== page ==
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superkuper t1_j6hyil1 wrote

I don’t want to get “solutions” from the news.

I don’t read traditional news media BECAUSE they offer their opinions on the solutions.

What I want them to do is objectively and apolitically report the facts.


keener91 t1_j6ibt65 wrote

Yep, what a sheepish brain dead showerthought. Do yourself a favor and read 1984.


SoontobeSam t1_j6irou0 wrote

News doesn't offer solutions, opinions, takes, or sides, it offers facts, events, and background and puts it to the viewer to form their own solutions, opinions, takes and sides.

The vast majority of "News" today is entertainment with a side of current events and fear mongering.


digitdaemon t1_j6ixpp6 wrote

I am okay with a little bit of speculation based on how similar previous events played out, or how a population might react based on culture/political leaning. But they need to stay away from how they want things to play out.


taleo t1_j6k12b9 wrote

That's not news. That's analysis.


digitdaemon t1_j6kd8eu wrote

Yes, but what I am saying is a little bit of good analysis is acceptable along with the news, as long as it follows the conditions that I put forth.


LightDownTheWell t1_j6j5tkd wrote

The majority of news is absolutely not. Let me guess, you live in the U.S/UK?


SoontobeSam t1_j6j67qb wrote

Nope, Canada... We have the same problem as the other 2 though... And a lot of US media exposure.


SgathTriallair t1_j6j77vo wrote

Everything is politics. When something seems "apolitical" it just means that it's biases conform to your own. Even the choice of what objective facts to present and which to not present is a political question. By political I don't mean "Republican or Democrat" but rather anything that deals with human society is political. Peanut butter and jelly sandwiches with lettuce and tomato in the middle isn't objectively wrong, it just feels weird because all of us have agreed that this isn't how we build those sandwiches.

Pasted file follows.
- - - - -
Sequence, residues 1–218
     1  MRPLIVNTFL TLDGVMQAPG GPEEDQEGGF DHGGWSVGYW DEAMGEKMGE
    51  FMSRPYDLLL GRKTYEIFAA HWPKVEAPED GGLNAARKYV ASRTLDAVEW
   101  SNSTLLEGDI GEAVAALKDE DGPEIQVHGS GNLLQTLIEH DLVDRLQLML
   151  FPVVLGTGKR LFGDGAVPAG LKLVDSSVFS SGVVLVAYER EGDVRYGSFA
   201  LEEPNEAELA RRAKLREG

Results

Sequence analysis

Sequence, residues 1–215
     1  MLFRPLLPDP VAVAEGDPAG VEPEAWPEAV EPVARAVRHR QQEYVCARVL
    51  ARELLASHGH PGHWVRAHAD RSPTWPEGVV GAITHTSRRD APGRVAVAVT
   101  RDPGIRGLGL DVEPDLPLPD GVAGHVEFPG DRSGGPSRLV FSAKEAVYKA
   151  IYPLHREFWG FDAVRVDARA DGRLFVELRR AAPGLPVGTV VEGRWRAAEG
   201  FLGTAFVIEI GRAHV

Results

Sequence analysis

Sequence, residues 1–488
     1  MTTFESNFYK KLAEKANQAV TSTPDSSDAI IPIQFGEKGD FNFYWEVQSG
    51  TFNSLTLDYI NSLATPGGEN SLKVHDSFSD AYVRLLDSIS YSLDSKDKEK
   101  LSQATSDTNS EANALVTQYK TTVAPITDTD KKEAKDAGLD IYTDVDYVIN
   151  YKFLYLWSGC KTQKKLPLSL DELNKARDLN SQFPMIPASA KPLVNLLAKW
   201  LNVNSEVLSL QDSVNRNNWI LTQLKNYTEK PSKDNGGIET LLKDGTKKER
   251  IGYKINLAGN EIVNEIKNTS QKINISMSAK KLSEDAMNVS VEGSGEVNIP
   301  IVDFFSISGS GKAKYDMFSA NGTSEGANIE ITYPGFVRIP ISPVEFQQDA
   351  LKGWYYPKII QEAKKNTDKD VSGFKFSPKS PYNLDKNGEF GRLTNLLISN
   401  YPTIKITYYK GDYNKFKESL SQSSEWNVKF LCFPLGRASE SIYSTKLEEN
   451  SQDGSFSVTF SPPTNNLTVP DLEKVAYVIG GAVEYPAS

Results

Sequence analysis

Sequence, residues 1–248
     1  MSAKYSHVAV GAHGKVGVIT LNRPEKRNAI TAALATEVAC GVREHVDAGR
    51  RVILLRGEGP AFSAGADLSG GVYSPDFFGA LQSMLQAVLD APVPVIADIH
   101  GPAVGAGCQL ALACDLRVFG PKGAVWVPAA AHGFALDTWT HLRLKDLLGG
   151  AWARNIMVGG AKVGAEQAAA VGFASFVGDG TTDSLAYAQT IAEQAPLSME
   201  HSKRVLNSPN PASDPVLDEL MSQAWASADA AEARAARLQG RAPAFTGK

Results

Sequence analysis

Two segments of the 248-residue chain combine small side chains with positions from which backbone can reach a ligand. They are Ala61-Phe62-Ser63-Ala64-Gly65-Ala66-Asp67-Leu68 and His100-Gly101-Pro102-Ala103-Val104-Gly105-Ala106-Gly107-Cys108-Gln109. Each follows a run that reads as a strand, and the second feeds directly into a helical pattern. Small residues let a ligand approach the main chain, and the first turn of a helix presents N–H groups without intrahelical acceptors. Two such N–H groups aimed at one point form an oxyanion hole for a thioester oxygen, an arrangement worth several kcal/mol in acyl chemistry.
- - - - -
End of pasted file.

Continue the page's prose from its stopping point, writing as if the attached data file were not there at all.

The problem happens when you see news that presents facts that challenge your biases, such as pro or anti-cop stories. Both of those things happened but only one of them feels political and the other is just news we need to know.

A better option is to look at multiple sources, focus on places that have a reputation for presenting actual facts and not made up ones, and always think about why they are saying the things they are saying.


superkuper t1_j6j8b3c wrote

I agree that is how things are, but the mandate of journalists is to be unbiased and apolitical regardless of whether or not they live up to that standard in reality.

Also I don’t fully agree with your premise. There is objective truth, there is moral good, and the truth does not always lie “somewhere in the middle”. The person who makes a peanut butter lettuce and tomato sandwich is objectively wrong.


SgathTriallair t1_j6jhpkz wrote

There are objective truths but it is impossible to know our present them all. When only some information is presented it creates a narrative. We try to make our narratives as course to the truth as possible but the limitations of our physiology makes this impossible to fully achieve.

Objective moral good is a slippery one. One needs to first define good before one can determine what actions and habits lead to that. I support human flourishing but others argue for obedience to god or maximizing non-interference. You can't have an objective conversation until you agree on what The Good consists of.


superkuper t1_j6ji562 wrote

I’m not disagreeing with that. That’s really the crux of all politics.

The important takeaway is that whoever puts lettuce and tomato together with peanut butter and jelly should be flogged in the streets.


SgathTriallair t1_j6jidtn wrote

I'm glad I succeeded at thinking of something universally despicable that has no real moral weight.